Aurora Kinase A Confers Drug Resistance to Breast Cancer Cells, Lab Study Shows

Aurora Kinase A Confers Drug Resistance to Breast Cancer Cells, Lab Study Shows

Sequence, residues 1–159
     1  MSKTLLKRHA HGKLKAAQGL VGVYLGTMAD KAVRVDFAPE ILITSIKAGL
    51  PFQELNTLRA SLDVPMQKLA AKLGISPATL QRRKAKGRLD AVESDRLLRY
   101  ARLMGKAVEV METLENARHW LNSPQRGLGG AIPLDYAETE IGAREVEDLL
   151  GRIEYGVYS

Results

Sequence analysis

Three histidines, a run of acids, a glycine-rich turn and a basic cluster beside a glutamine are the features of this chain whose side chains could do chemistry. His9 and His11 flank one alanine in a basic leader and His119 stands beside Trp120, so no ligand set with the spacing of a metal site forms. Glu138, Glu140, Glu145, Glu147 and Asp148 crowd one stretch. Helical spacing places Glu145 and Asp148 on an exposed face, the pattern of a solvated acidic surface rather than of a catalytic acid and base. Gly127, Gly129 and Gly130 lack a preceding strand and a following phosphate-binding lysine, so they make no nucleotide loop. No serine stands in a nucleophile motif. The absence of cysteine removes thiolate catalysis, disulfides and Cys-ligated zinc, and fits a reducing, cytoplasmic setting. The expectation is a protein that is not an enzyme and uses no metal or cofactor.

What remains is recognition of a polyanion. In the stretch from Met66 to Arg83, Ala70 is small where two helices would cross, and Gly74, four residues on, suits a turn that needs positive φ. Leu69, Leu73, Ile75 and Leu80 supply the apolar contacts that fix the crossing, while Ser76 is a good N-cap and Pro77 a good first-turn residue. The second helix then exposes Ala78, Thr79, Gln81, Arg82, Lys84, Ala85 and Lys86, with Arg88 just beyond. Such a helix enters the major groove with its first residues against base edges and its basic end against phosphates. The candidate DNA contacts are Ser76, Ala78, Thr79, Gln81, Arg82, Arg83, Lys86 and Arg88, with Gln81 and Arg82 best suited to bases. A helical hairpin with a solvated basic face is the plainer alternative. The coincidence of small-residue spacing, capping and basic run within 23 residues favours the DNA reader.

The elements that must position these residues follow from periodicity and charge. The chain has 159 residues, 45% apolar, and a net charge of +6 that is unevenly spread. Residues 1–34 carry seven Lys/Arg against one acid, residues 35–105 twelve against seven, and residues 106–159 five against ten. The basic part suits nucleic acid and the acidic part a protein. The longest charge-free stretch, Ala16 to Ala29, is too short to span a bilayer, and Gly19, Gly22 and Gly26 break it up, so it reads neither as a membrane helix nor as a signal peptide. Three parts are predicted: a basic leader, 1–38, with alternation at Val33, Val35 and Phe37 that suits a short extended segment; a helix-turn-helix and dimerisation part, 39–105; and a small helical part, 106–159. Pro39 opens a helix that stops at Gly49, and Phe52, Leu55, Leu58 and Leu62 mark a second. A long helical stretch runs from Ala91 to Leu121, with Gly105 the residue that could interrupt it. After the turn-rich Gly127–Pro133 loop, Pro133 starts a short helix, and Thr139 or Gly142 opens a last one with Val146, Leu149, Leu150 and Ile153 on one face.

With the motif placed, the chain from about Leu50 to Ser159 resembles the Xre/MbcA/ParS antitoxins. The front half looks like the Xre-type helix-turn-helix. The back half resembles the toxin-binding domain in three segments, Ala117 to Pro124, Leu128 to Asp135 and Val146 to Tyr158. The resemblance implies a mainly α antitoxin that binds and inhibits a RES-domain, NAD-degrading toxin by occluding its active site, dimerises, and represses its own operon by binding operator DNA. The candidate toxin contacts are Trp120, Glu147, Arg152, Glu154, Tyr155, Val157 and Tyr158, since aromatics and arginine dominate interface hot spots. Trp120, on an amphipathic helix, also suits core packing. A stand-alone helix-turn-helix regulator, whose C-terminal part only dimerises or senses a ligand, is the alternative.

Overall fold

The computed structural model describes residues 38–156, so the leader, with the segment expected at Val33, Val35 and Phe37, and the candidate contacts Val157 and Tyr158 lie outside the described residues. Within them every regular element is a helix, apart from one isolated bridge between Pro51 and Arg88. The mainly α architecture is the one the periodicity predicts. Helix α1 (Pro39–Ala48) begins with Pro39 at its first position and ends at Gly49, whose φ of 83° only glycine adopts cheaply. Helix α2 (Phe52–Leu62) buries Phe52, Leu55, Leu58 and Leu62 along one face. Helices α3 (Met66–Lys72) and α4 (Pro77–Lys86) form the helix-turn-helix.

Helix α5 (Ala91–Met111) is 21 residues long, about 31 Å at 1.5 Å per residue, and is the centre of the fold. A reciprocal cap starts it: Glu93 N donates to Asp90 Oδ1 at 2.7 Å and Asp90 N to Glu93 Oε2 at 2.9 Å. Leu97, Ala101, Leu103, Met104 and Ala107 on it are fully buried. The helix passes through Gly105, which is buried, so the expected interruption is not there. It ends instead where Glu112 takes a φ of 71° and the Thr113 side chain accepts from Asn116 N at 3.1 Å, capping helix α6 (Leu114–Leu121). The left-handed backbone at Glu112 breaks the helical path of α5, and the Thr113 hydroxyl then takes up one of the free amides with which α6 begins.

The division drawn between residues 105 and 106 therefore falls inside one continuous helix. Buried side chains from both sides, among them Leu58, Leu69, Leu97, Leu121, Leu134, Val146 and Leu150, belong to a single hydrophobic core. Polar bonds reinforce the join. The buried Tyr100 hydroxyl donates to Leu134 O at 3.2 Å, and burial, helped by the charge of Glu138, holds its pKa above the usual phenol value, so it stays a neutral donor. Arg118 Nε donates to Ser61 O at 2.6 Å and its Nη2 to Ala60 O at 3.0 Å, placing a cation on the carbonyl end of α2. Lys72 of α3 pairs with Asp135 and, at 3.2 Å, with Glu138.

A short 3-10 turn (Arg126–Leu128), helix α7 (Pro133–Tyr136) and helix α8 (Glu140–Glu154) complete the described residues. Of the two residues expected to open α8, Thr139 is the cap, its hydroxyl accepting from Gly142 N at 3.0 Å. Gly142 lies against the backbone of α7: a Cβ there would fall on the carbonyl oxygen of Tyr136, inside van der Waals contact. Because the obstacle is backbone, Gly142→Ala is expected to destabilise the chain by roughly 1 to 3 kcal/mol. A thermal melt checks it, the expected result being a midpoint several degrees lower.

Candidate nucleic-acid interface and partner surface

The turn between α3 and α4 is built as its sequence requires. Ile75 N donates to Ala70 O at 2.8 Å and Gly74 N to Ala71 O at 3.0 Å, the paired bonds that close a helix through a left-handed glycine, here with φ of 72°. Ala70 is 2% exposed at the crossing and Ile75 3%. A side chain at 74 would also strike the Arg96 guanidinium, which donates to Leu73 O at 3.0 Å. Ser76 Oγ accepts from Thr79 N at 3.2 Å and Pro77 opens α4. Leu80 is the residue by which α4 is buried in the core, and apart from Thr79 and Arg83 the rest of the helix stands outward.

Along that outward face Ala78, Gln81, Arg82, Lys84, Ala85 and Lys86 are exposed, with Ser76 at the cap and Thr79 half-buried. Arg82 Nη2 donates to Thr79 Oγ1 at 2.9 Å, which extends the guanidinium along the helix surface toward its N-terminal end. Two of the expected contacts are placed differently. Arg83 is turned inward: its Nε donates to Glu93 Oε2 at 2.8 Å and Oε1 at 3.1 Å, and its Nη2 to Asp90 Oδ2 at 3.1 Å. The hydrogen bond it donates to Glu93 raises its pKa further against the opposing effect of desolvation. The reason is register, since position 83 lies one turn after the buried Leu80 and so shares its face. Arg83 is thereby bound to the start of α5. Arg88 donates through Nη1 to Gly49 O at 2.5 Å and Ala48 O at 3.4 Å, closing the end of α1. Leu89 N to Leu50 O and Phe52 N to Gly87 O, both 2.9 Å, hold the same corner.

Using a novel systematic method, scientists found that breast cancer cells use Aurora kinase A to evade being targeted by drugs inhibiting the PI3K pathway. Blocking this protein restores the therapeutic potential of previous ineffective cancer therapies. The study with that finding, "Kinome rewiring reveals AURKA limits PI3K-pathway inhibitor efficacy in breast cancer," was published recently in Nature Chemical Biology. More than 60 percent of breast cancer cases involve defects in the PI3 kinase (PI3K) pathway, which is a biochemical cascade that spurs the growth and survival of cancer cells when abnormally activated. While this has made PI3K a promising pharmaceutical target for several types of tumors, the clinical effectiveness of PI3K inhibitors for cancer treatment achieved little success in previous trials, leaving researchers with no clue to account for its failure. “The failure of PI3 kinase drugs has been a huge mystery,” Sourav Bandyopadhyay, PhD, said in a press release. Bandyopadhyay is assistant professor of bioengineering and therapeutic sciences and a faculty member of the UCSF Helen Diller Family Comprehensive Cancer Center, . Even Novartis’s Afinitor (everolimus) — an inhibitor of the mTOR kinase that also is involved in the PI3K pathway and was approved by the U.S. Food and Drug Administration for the treat
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